Did the chamber in which the High Priest lived for seven days before Yom Kippur have a mezuzah? Some say that a mezuzah was required there only for those seven days, but they still kept it throughout the year, lest they forget to put it on, or lest the people say that the High Priest is locked in a prison. Others say even those seven days are a disagreement: even though the High Priest did not choose to live there but was forced to, it is still considered a valid dwelling which needs a mezuzah – so say the Sages, while Rabbi Yehudah says that it was not considered a proper dwelling and the mezuzah was not required. All agree though that practically it still was there.
Art: In prison By Rembrandt Van Rijn
|Monday, November 18th, 2013|
Yoma 9 – High Priesthood for sale
At first, the chamber to which the High Priest was sequestered before Yom Kippur
was called “The chamber of nobles,” but later it became known as “The chamber of administrators”. This was because the High Priests of the first Temple were of greater stature.
In fact, during the 410 years of the First Temple, there were a total of eighteen High Priests, which makes for 22 years in service on the average. However, during the Second Temple, when they would buy High Priesthood with money, there were 300 of them during the 420 years of the Temple. If you subtract the forty years of service of Shimon the Righteous, eighty of Yochanan the Great, ten of Rabbi Ishmael and eleven of Elazar ben Charsom, you will see that the majority of the High Priests did not live out one year of their service.
During the First Temple, bloodshed, immorality and idol worship were abundant, and yet only the roof of the Temple was destroyed, and that only for seventy years. However, during the Second Temple, when ostensibly they were learning Torah and doing good deeds, the Temple was raised to the ground and is still not rebuilt. Why is that? – Because they slandered each other in secret and transgressed in secret. However, Resh Lakish presents another view: the later generations are greater, because with all the hardships they still learn Torah.
Art: Gossip at the stile By Valentin Walter Bromley
|Sunday, November 17th, 2013|
Yoma 8 - Tzitz
is the golden headplate worn by the High Priest. It fixes the defects of the sacrifices, so that even those sacrifices that were not normally acceptable, become so with the help of the Tzitz. This is expressed by the Torah as follows, “So that Aaron will bear the sin of the sacred offerings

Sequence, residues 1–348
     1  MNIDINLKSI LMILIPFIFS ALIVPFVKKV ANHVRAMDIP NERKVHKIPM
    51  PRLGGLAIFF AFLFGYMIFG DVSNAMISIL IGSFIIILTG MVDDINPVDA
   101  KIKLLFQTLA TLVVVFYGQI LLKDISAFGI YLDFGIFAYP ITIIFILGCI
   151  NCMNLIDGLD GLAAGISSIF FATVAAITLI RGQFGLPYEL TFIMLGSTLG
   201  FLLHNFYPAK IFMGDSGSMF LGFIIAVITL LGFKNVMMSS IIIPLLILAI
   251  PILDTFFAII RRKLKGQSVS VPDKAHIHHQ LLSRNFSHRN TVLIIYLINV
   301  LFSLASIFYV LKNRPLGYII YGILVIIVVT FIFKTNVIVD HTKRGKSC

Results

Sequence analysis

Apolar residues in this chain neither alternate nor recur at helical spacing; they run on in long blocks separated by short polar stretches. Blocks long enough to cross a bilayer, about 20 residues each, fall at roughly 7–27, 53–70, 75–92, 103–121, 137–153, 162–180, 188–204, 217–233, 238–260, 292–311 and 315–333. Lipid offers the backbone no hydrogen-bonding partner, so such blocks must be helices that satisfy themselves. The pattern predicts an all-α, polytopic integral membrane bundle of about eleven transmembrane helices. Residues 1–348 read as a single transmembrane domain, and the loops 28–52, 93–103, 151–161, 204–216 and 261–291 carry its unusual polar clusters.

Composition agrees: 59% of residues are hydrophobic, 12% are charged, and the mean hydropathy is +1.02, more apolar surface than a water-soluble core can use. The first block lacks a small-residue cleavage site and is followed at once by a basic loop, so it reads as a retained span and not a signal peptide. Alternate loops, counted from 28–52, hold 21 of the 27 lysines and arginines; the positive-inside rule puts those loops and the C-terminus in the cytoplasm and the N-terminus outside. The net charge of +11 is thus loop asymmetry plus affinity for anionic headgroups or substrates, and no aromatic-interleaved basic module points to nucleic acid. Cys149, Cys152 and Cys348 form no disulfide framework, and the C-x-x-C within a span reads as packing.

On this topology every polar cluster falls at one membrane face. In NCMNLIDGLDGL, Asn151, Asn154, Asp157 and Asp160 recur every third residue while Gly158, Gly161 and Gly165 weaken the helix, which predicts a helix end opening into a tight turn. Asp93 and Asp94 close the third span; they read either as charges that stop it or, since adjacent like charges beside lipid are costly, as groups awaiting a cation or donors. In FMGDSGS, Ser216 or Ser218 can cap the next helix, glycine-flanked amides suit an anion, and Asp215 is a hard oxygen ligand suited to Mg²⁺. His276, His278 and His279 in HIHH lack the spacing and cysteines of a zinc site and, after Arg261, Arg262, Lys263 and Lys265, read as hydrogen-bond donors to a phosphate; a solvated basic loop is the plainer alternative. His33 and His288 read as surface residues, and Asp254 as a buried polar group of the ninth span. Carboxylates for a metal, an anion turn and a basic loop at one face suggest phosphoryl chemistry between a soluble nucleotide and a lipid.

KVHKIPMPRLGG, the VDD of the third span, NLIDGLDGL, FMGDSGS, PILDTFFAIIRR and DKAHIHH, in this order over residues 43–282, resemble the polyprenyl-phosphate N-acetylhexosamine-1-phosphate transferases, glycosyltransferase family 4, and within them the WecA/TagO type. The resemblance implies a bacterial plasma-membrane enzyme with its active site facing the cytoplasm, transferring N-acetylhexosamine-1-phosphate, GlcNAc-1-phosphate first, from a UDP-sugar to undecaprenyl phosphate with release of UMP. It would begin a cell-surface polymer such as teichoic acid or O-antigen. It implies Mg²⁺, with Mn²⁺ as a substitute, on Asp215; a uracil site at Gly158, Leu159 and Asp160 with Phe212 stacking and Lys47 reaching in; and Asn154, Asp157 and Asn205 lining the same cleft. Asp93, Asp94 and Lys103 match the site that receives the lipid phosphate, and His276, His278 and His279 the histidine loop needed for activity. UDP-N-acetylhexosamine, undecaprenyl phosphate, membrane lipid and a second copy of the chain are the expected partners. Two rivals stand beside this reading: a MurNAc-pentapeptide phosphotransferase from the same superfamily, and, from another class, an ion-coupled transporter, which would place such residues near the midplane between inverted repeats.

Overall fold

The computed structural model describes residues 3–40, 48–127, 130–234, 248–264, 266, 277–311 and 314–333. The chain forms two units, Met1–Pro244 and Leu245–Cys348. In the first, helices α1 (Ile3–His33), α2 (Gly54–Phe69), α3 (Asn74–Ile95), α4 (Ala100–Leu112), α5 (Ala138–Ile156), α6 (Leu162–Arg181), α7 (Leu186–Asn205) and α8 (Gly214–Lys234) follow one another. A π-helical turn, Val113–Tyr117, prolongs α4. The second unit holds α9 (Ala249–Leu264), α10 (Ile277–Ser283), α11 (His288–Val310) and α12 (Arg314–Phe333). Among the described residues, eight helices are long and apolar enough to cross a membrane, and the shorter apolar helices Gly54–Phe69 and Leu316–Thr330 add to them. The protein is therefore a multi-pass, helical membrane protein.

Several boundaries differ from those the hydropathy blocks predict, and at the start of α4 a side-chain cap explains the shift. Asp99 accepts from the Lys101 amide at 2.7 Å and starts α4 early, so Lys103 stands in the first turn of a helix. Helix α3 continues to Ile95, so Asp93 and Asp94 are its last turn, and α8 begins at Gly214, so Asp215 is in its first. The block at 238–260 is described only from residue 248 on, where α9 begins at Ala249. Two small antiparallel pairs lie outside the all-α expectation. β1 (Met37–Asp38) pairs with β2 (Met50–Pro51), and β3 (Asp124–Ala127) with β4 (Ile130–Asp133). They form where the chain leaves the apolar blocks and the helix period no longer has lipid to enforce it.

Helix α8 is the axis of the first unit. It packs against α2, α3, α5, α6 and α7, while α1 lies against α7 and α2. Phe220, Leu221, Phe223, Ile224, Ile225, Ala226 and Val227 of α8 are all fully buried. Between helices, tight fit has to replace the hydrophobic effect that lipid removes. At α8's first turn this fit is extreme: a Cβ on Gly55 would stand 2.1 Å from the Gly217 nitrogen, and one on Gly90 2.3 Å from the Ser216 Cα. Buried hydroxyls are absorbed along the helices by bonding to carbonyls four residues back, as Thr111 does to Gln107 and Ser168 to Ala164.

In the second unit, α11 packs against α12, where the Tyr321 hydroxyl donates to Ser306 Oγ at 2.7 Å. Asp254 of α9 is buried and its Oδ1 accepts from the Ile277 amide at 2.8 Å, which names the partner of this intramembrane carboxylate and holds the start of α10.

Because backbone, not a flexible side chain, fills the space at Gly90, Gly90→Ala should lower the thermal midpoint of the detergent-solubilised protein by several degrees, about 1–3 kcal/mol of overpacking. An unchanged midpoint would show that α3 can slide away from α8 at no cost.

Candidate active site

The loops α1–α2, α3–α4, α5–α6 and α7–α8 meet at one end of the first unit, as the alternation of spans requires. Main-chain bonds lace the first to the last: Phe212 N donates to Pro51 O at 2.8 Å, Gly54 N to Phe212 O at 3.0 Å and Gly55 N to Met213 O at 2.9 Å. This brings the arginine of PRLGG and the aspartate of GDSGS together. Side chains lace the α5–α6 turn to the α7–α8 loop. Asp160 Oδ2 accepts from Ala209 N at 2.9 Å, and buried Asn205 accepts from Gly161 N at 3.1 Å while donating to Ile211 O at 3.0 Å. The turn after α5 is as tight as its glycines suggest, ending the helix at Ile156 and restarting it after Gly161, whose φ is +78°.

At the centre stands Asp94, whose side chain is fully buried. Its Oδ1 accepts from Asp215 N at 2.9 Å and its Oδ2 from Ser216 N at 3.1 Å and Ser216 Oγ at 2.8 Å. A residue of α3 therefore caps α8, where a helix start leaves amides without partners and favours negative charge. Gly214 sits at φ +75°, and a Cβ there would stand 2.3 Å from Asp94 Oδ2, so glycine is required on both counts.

However, which offerings could the Tzitz help? If the priest bringing it wanted to eat it in the wrong place, it “would not be acceptable
,” and if he even wanted to eat it in the wrong time, it “would not be considered
.” Thus, the only problem that the Tzitz could fix was the offering that became ritually impure.
Did the Tzitz have to be on the forehead of the High Priest to be effective? That depends on the understanding of the word “always (Aaron will wear it).” You can understand that whenever Aaron wears it, it is effective, but not otherwise. Or, you can say that “always” means “constantly when possible,” but even when it is not possible to wear it (such as during sleep), it still works. The Talmud tries to resolve its earlier question, whether the laws of purity are completely abrogated or if they only allow a few exceptions
, using the laws of Tzitz, but alas, Tzitz allows both interpretations. Incidentally, it is from Tzitz that we derive that one who wears tefillin
must be constantly mindful of them.
Art: Yemeni Jew, 1914 National Geographic Magazine.
Yoma 7 – Is everything permitted?
Previously we mentioned
that if all priests are ritually impure, they are allowed to bring sacrifices in the state of impurity. However, does this mean that everything is permitted and that the laws of purity are temporarily abrogated, or perhaps we only make an exception where we have to. For example, if in the group of the priest who are serving this week everyone is impure – on the first point of view, they would do the service, but on the second point of view – another group of the priest, from a different week, would be invited. Rav Nachman represents the first, more lenient point of view, and Rav Sheshet – the second, more stringent.
First the Talmud limits the disagreement: if there are foods that need to be eaten, such as two loaves on Shavuot, everybody agrees that we looks for ways to do it in purity. Also, when the sacrifice can be brought at any time, they wait until the priest become pure again. Thus, the disagreement only exists for holidays, such as Passover. Then, the Talmud finds an earlier disagreement, between Rabbi Yehudah and Rabbi Shimon, on the same question. This points to the fact that the argument cannot be resolved, rather, that its roots go back to much earlier times.
As a practical matter, Rambam rules that not everything is permitted: the rules of purity are not abrogated, but only an exception to them is taken in specific cases. Thus, when it is possible to find a way to maintain purity, this should be done.
Art: The Argument by William Henry Knight